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A to Zzz's of Sleep Definitions and Abbreviations

A to Zzz of SLEEP DEFINITIONS AND ABBREVIATIONS


APNOEA:  Without Breath (also spelt Apnea in some countries).  Therefore, Sleep Apnoea means pauses in breathing whilst sleeping.


APNOEA/HYPOPNOEA INDEX (AHI):  The number of apnoea/hypopnoea incidents per hour.


APNOEA INDEX (AI):  The number of apnoea events per hour.


AROUSAL:  Going from sleep to wakefulness, or from a deeper to lighter stage of sleep.


APAP:  Automatic Positive Airway Pressure Machine (Automatic CPAP), which automatically adjusts the level of pressure needed on a breath-by-breath basis.   Useful for people on high pressures or who find it difficult to tolerate the pressure needed.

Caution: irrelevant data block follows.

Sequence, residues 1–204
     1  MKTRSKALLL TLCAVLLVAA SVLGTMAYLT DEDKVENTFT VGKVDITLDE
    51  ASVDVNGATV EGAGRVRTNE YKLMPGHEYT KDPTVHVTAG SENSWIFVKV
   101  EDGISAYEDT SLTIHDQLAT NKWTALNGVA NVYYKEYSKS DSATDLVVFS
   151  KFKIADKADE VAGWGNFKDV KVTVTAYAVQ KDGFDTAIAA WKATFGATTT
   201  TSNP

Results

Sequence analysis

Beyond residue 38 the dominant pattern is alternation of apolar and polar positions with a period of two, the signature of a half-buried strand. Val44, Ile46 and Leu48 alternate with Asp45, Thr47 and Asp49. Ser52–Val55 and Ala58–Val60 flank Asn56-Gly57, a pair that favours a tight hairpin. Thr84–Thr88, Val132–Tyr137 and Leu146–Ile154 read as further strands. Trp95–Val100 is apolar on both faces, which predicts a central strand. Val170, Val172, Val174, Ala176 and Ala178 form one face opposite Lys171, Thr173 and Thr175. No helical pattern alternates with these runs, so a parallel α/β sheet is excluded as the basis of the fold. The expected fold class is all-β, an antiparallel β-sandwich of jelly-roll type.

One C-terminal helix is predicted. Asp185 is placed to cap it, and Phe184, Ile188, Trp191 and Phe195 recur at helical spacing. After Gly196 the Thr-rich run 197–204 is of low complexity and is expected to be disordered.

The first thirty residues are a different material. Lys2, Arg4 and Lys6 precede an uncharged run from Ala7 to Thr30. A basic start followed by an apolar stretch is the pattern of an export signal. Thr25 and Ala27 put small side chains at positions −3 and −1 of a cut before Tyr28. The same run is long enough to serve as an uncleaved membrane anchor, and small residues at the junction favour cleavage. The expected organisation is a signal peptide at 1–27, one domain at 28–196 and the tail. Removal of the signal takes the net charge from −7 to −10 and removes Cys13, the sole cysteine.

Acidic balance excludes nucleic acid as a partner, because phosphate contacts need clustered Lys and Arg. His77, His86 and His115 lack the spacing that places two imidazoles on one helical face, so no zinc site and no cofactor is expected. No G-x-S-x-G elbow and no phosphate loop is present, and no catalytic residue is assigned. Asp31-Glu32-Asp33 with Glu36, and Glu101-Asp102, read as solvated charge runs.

BI-PAP:  Bi-level Pressure Machine with 2 pressures – a lower pressure for exhalation and a higher pressure for inhalation.  (Useful for people who find it difficult to exhale against the pressure). 


BRUXISM:  Teeth grinding during sleep.


CENTRAL SLEEP APNOEA (CSA):  Absence of breath caused by irregularity in the brain’s control of breathing. 


CPAP:  Continuous Positive Airway Pressure Machine with one fixed pressure giving constant same-pressure therapy to keep the airways open.


EPAP:  Expiratory Positive Airway Pressure prescribed for the expiratory (breathing out) phase of a person on Bi-level CPAP therapy.


FLOW LIMITATION:  Partial closure of the upper airway impeding the flow of air into the lungs.


GERD (GASTROESPHAGEAL REFLUX DISEASE):  Flow of stomach acid upwards into the esophagus that can cause arousals and disrupt sleep. 


HST:  Home sleep study